A lot or a little? The parents' guide to what's in this movie. Positive Messages On the one hand, Django Unchained looks at slavery in a matter-of-fact way -- in a way that many other American movies have avoided -- and it could get discussion going about that part of American history. But on the other hand, the movie is largely about killing and revenge, with no real redemption or lessons learned.
Maybe not from the standpoint of a tangible Oscar tally, but certainly thematically speaking: The biopic offers an intimate view of the machinations at work in the Congressional halls and White House chambers of the era, as Republicans — the progressive party at the time — both radical and moderate deliberate how to subvert the Democratic stranglehold on the House.
On the surface, Django Unchained is a total about-face from the politically theorizing Lincoln. However, because the action takes place predominantly in the Deep South two years before the Civil War, the flick is an unconventional fusion of sorts, meshing a classic gun-slinging saga into an overtly racial context.
The reality fits into the biggest canvas that you could think of for this story. In the classic Western mold, there are the requisite majestic sceneries as our heroes traverse vast territories on horseback, as well as an abundance of shoot-outs, with gore to boot.
Indeed, bodies pop like overripe tomatoes and plantation walls are left looking like a Jackson Pollack canvas. In emotionally charged and dramatic oeuvres such as Lincoln and Django, it can be difficult to separate fact from falsehood and blurred truth.
However, the encyclopedic appearance of Lincoln disguises its glaring inaccuracies.
Abraham Lincoln and American Slavery. In neither do the slaves as a group have anything to do with their own emancipation.It’s hard to imagine two films set around the Civil War that differ more than Steven Spielberg’s historical biopic Lincoln and Quentin Tarantino’s blaxploitation western Django Unchained.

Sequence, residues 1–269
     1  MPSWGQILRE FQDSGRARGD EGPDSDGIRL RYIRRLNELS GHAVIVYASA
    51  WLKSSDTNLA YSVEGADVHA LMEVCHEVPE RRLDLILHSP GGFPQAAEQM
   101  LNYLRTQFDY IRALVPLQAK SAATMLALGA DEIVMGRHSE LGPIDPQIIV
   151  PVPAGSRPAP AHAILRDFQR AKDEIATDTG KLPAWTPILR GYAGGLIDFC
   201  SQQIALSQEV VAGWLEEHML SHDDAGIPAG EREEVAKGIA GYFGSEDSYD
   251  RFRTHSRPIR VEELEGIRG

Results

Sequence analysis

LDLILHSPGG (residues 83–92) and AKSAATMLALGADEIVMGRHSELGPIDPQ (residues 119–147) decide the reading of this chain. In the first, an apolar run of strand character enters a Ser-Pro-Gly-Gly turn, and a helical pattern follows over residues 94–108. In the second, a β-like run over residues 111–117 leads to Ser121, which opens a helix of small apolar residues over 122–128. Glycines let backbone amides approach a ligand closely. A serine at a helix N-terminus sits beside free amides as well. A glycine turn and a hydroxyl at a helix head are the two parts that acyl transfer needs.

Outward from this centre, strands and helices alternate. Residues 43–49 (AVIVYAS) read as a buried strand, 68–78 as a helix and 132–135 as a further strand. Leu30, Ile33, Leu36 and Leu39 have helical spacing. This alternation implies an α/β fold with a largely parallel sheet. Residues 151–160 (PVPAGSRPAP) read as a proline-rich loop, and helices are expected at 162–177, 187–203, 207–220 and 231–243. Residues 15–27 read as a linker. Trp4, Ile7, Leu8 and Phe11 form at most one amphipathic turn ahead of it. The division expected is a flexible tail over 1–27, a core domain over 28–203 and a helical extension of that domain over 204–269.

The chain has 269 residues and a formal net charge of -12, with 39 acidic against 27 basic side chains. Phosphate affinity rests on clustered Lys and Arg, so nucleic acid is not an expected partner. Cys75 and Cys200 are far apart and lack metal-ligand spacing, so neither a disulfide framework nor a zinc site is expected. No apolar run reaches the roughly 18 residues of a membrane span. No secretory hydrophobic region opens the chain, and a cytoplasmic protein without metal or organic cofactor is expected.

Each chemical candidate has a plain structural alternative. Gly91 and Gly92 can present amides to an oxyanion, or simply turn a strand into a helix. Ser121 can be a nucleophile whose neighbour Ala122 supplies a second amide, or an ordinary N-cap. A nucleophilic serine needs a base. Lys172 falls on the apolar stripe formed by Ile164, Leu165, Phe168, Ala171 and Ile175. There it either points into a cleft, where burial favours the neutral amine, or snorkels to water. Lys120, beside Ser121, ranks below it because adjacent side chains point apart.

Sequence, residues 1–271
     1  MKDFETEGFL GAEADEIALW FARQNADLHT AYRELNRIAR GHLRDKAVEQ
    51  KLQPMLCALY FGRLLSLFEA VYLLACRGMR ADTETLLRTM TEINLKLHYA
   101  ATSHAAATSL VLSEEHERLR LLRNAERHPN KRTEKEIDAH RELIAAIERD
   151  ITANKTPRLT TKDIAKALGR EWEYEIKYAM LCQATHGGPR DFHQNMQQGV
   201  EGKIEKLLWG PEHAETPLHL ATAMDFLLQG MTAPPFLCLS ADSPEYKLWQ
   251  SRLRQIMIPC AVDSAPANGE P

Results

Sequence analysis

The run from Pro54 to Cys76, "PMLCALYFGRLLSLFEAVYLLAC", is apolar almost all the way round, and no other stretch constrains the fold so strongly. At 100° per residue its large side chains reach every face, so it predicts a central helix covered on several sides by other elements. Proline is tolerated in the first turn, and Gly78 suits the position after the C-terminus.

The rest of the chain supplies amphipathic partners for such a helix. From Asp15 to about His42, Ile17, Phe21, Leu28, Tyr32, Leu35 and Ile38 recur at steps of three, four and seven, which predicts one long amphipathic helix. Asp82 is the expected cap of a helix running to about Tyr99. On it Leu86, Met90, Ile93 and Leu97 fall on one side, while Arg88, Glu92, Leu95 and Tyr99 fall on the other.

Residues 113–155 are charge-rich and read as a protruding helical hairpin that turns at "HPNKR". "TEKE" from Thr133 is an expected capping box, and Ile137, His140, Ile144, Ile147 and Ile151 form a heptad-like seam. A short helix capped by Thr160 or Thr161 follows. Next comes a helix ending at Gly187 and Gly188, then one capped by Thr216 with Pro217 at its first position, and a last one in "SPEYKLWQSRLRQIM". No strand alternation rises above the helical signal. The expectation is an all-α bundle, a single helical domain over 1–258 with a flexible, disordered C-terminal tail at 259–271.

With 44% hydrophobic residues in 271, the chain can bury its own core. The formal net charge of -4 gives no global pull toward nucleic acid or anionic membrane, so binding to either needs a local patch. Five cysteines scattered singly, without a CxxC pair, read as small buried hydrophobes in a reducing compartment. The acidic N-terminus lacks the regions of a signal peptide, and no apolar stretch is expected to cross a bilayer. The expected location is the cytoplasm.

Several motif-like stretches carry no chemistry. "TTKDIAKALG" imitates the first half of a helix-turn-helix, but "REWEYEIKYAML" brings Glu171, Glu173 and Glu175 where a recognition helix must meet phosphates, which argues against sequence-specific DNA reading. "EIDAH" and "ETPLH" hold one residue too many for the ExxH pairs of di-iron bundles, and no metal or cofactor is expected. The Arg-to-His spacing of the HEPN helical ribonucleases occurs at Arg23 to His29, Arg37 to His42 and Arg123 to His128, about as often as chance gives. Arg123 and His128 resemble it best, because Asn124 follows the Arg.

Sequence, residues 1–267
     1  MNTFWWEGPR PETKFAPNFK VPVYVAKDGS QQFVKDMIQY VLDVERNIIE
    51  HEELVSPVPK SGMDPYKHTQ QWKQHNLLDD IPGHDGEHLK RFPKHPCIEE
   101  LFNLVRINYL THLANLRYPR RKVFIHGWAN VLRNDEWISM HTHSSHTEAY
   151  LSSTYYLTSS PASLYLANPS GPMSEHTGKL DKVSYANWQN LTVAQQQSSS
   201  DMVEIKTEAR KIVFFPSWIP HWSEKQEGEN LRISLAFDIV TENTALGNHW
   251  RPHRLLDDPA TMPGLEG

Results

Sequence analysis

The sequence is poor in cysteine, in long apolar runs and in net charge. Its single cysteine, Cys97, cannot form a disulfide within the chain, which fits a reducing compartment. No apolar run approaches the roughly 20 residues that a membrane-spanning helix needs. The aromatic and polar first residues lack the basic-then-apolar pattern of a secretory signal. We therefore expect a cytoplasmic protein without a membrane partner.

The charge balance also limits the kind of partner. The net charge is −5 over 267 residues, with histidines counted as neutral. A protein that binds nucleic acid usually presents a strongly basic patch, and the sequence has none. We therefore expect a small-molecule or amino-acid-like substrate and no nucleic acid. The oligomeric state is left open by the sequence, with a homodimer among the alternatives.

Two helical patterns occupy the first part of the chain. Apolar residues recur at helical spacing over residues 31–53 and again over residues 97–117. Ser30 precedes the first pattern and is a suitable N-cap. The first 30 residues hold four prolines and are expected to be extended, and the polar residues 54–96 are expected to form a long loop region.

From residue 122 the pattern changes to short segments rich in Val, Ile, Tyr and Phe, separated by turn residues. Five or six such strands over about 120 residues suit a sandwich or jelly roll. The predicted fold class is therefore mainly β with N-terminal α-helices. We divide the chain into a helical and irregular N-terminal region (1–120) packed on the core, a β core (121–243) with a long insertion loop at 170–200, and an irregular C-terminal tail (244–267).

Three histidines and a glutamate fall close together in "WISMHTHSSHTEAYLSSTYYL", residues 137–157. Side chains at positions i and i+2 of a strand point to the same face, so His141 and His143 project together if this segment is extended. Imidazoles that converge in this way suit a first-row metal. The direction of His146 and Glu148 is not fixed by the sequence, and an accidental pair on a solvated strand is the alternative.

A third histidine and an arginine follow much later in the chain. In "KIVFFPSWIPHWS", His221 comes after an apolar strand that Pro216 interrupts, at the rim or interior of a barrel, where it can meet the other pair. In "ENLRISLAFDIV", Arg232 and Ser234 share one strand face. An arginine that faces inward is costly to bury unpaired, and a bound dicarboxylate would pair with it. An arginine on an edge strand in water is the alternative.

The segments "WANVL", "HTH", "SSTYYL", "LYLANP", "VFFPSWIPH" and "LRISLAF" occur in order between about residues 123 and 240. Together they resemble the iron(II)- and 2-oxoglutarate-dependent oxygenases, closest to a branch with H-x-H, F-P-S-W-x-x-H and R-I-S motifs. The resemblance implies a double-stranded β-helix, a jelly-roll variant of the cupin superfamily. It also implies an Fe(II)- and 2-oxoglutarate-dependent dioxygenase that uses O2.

In the broadest sense, of course, both concern the fight against the institution of American slavery. The release of Quentin Tarantino’s spaghetti Western slavery revenge drama Django Unchained on the heels of Steven Spielberg’s rather more sober biopic Lincoln has given moviegoers a holiday.
Appropriately marking the th anniversary of the Emancipation Proclamation, two of the season's Hollywood blockbusters, Quentin Taratino's "Django Unchained" and Steven Spielberg's "Lincoln. Django Unchained: the inglorious history of slavery in the movies Quentin Tarantino's new movie is a reminder of Hollywood's failure to properly grapple with slavery.
However, Django and Lincoln, their distinguished Oscar wins aside (Best Supporting Actor and Best Original Screenplay for Django, Best Actor for Lincoln), stand out in that they broach the subject of slavery, attacking the dark stain in America’s fabric in a vastly contrasting, yet at .
Django Unchained: is its portrayal of slavery too flippant? Influential African Americans have attacked Quentin Tarantino's film for what they say is an inappropriate tone. Author and director.